Seychelles – Esmerelda the largest tortoise in the world lives here and is about 170 years old. Seychelles used to be a hideout for pirates.
Sierra Leone – In Sierra Leone there are 20 different words for rice including one for rice that sticks to the bottom of the pan. The name Sierra Leone comes from the Portuguese for “Lion Mountain Range”.
Somalia – There are more camels in Somalia than in any other country. Somalia has the longest coastline in Africa. It is 1880 miles long.
South Africa – South Africa has hosted the football, rugby and cricket world cups and it the only country to have done so. There are many wild animals in South Africa, but did you know that there are African Penguins living there?
South Sudan – South Sudan is a very new country. The first baby boy born on the day it became independent was called, “Independent”.
Sudan – Sudan became 25% smaller when South Sudan separated from it. There are more pyramids in Sudan than in Egypt.
Tanzania – Kilimanjaro is the highest mountain in Africa and Lake Tanganyika is the deepest lake in Africa. They are both in Tanzania. Six species of galagos or bushbabies live in Tanzania.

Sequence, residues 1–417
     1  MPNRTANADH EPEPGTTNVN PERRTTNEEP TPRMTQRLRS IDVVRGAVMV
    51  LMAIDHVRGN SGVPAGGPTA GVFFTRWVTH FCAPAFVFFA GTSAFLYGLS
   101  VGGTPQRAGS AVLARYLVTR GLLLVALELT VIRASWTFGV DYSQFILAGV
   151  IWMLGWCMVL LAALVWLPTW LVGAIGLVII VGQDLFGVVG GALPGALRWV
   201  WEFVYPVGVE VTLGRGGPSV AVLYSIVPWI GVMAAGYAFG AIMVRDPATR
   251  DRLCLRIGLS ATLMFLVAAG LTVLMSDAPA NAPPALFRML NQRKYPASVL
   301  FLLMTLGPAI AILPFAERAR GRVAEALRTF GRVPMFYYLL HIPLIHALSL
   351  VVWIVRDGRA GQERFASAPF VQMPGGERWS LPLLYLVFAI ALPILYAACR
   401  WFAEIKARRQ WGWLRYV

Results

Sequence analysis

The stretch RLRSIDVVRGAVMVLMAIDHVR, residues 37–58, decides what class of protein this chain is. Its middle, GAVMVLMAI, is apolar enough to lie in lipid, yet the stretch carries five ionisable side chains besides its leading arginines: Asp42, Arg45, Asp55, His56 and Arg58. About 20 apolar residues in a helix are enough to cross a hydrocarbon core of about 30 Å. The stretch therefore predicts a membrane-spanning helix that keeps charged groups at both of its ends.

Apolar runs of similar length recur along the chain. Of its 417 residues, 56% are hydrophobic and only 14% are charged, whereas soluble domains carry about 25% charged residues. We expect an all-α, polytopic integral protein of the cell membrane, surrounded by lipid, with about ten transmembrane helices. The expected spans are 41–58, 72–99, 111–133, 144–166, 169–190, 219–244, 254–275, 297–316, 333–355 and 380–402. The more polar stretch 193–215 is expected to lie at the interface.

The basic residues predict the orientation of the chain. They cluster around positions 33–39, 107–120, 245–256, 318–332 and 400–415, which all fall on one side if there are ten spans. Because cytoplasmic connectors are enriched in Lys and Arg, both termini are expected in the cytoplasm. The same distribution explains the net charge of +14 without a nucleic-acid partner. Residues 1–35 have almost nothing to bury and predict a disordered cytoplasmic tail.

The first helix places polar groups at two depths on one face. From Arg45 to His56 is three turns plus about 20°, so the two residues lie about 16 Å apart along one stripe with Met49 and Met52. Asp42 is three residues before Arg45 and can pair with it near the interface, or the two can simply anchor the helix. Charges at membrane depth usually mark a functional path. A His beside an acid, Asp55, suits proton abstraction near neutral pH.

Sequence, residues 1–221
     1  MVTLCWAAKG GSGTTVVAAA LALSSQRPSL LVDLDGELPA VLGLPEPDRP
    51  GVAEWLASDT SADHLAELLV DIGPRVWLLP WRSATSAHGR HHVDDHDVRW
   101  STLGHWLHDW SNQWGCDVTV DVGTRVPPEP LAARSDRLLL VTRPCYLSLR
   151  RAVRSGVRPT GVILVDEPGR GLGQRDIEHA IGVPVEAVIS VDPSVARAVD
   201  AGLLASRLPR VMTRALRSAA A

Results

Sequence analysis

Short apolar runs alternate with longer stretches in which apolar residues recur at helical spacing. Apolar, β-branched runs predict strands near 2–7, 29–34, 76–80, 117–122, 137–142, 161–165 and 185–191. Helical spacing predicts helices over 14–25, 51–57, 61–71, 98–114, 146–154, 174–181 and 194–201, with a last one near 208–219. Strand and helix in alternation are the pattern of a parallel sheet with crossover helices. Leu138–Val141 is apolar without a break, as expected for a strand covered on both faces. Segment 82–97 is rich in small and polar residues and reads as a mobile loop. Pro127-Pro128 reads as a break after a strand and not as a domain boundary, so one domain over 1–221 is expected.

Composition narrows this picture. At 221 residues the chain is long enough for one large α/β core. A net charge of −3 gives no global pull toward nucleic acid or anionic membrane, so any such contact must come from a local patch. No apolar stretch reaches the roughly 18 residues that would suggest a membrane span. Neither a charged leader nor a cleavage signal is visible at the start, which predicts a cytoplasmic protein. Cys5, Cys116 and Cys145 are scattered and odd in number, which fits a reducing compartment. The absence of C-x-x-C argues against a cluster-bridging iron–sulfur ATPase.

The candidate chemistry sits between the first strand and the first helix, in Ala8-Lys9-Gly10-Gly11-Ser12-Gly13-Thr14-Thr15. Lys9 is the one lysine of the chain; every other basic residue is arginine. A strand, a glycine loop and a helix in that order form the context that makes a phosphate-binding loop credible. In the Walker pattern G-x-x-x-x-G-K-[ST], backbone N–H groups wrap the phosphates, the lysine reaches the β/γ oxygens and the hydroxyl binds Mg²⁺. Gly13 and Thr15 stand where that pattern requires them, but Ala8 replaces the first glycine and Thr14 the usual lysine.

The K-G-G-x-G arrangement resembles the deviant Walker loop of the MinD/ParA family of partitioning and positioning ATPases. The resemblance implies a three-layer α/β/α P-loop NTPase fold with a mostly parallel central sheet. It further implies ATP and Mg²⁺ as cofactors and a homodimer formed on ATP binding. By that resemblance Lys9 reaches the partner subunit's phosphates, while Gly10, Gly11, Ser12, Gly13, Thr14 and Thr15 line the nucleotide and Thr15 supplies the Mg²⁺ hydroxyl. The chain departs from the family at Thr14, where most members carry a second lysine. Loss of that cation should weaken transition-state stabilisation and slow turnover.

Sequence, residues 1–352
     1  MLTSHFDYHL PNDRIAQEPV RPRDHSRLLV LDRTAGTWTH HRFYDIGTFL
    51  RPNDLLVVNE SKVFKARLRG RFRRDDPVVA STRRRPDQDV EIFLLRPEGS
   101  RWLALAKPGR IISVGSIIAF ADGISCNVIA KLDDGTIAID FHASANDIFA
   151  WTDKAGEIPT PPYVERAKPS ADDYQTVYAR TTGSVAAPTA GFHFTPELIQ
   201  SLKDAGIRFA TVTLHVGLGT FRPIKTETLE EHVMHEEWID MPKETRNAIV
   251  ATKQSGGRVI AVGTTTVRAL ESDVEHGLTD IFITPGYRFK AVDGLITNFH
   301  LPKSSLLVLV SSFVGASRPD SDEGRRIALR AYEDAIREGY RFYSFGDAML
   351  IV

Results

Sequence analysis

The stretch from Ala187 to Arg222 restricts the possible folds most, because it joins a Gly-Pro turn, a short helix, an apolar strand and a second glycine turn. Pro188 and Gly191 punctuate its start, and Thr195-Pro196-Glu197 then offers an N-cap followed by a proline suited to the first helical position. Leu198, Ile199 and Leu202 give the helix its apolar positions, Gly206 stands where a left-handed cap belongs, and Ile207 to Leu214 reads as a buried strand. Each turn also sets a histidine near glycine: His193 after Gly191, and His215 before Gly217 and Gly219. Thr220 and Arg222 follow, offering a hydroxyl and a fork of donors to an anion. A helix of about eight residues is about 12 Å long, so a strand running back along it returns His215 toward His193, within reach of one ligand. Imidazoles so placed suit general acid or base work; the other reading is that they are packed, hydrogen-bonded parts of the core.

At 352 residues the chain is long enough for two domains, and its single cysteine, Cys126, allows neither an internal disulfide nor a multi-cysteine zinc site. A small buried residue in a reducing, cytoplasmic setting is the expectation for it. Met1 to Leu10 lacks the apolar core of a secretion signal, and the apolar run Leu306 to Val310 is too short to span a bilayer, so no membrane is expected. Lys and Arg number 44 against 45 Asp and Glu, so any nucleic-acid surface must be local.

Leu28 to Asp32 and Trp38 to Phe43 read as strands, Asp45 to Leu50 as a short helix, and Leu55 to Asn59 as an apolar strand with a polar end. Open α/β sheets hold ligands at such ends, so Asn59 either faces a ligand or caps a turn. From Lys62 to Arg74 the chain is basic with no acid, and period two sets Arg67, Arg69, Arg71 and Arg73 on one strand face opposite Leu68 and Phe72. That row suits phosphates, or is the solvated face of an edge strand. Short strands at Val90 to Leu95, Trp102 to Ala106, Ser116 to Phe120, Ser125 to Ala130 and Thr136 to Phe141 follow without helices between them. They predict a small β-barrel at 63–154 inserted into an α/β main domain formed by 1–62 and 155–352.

Togo – In Togo, it is considered rude to be seen smelling your food and a compliment to be told you are fat.
Tunisia – Carthage which was a very important city in Roman times and has many amazing ruins which you can visit is in Tunisia. Lots of scenes from the original Star Wars film like Luke’s home are in Tunisia and are visited by Star Wars fans.
Uganda – Ugandans love trees, they have a rule that if you cut one down, you must plant 3 more. One favourite food is a pan of fried grasshoppers. This is considered a great treat.
Zambia – Zambia’s longest river is the Zambezi, after which it is named. The Victoria Falls which is classed as the largest waterfall in the world is on the Zambezi river between Zambia and Zimbabwe.
Zimbabwe – In the 10th century this was a rich gold-trading country, where they build big stone houses. It is believed that Zimbabwe means either stone houses or honourable houses.
How many of these countries had you heard of?
Now can you fill in the missing vowels?
(Answers after the films and the craft activity.)
Cntrl Afrcn Rpblc
Rpblc f th Cng
Dmcrtc Rpblc f th Cng
Swtn (frmrly Swzlnd)
S Tm nd Prncp
A Song about the Countries of Africa
Here is a song from Arthur – if I had listened to this first I could have saved many hours of research!!
You might notice a couple of differences – put them in the comments below if you spot them.
This song tells you the names of the capitals of the African countries
A craft activity
For instructions and templates to make your own please go to:
Central African Republic
Republic of the Congo
Democratic Republic of the Congo
eSwatini (formerly Swaziland)
Sao Tome and Principe
Comments and Feedback